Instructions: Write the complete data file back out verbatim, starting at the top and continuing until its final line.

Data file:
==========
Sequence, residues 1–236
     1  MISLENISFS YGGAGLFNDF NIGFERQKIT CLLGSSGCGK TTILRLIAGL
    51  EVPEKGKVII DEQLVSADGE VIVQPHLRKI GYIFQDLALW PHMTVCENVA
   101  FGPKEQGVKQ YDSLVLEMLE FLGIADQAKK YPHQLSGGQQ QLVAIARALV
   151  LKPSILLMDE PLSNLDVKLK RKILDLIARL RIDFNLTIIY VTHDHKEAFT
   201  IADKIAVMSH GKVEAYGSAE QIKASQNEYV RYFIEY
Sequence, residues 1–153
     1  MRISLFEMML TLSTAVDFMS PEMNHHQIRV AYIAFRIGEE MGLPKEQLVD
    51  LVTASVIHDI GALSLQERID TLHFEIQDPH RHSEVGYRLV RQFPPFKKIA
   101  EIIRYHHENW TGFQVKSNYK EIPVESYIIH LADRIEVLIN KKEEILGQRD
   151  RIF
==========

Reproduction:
Sequence, residues 1–236
     1  MISLENISFS YGGAGLFNDF NIGFERQKIT CLLGSSGCGK TTILRLIAGL
    51  EVPEKGKVII DEQLVSADGE VIVQPHLRKI GYIFQDLALW PHMTVCENVA
   101  FGPKEQGVKQ YDSLVLEMLE FLGIADQAKK YPHQLSGGQQ QLVAIARALV
   151  LKPSILLMDE PLSNLDVKLK RKILDLIARL RIDFNLTIIY VTHDHKEAFT
   201  IADKIAVMSH GKVEAYGSAE QIKASQNEYV RYFIEY
Sequence, residues 1–153
     1  MRISLFEMML TLSTAVDFMS PEMNHHQIRV AYIAFRIGEE MGLPKEQLVD
    51  LVTASVIHDI GALSLQERID TLHFEIQDPH RHSEVGYRLV RQFPPFKKIA
   101  EIIRYHHENW TGFQVKSNYK EIPVESYIIH LADRIEVLIN KKEEILGQRD
   151  RIF